The process varies for everyone, but having these ideas in mind can help make the experience more manageable, and potentially smoother.
- Self-Acceptance: Before coming out to others, it is crucial to embrace your own identity and be comfortable with who you are. Take the time to reflect on your feelings, educate yourself about the LGBTQ community, and connect with supportive individuals who can provide guidance. Building self-confidence will empower you during the coming out process.
- Timing: Choosing the right time to come out can significantly impact the reception you receive from friends and family. Consider the dynamics of your relationships and the emotional state of those involved. It may be helpful to pick a moment when you can have uninterrupted conversations and ensure that everyone is in a calm and receptive state of mind.
- Plan Ahead: Preparing for the conversation can alleviate anxiety and provide a sense of control. Reflect on what you want to say and anticipate potential reactions or questions. Having answers ready and being knowledgeable about LGBTQ topics can help address concerns or misconceptions that might arise. However, it’s essential to remember that you don’t have to educate or justify your identity to anyone.
- Choose Supportive Allies: Identify individuals in your life who are likely to be supportive and understanding. Consider coming out to them first, as their positive reactions can bolster your confidence. Having allies by your side during the coming out process can provide emotional support and a sense of security.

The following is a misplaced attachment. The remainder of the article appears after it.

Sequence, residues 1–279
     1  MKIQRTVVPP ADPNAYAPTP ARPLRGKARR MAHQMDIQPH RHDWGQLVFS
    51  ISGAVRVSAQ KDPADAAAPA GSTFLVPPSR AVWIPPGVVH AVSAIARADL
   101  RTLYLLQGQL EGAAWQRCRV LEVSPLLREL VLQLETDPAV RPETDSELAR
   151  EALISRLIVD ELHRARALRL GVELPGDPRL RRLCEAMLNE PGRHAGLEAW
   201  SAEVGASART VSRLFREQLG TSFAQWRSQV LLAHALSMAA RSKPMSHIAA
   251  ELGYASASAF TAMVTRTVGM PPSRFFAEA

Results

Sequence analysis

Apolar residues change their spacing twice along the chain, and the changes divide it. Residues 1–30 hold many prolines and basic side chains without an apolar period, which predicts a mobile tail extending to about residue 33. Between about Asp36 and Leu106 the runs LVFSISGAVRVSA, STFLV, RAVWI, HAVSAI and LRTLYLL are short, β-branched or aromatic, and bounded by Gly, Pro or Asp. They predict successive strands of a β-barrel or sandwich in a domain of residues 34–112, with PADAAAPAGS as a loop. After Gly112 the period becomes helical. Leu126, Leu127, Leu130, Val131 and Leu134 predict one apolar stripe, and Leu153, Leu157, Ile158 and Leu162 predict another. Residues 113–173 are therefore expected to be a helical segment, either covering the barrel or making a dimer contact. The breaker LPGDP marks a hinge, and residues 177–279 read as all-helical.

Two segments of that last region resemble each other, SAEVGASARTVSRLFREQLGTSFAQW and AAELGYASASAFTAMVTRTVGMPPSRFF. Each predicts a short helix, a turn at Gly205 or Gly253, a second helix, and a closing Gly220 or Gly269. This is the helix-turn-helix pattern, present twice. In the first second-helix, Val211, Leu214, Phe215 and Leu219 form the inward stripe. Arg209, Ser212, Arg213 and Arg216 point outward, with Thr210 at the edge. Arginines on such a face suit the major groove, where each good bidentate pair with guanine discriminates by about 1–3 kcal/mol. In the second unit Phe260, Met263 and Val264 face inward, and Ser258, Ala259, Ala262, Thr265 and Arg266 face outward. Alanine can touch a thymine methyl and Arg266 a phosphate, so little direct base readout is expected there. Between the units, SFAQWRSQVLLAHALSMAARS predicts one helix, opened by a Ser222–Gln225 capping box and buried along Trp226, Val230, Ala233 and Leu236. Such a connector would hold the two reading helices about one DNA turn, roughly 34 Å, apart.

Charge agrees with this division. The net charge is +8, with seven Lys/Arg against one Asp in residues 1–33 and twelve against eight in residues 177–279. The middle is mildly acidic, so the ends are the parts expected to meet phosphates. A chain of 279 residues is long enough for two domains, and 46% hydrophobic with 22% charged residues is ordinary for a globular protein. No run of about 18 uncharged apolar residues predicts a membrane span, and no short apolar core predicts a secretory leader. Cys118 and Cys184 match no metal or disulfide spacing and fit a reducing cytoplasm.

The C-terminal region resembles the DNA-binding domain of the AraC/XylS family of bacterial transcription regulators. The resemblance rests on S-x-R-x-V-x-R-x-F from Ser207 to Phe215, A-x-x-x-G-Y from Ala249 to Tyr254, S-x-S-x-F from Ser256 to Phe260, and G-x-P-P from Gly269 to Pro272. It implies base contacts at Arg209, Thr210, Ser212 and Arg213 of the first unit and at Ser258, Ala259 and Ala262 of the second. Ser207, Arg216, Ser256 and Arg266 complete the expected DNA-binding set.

- Seek Professional Guidance: If you anticipate challenges or fear negative reactions, seeking support from a therapist, counselor, or LGBTQ support group can be immensely beneficial. The therapists at LGBTQ Therapy Space are extremely versed in the nuances of coming out, and how scary and difficult it can be. These professionals can offer guidance, coping strategies, and a safe space to discuss your feelings and concerns.
- Letter or Email: Sometimes, finding the right words in a face-to-face conversation can be challenging. Writing a letter or sending an email can provide an opportunity to express yourself fully, ensure clarity, and allow the recipients to process the information at their own pace. This method also offers a chance for you to articulate your thoughts and feelings more effectively.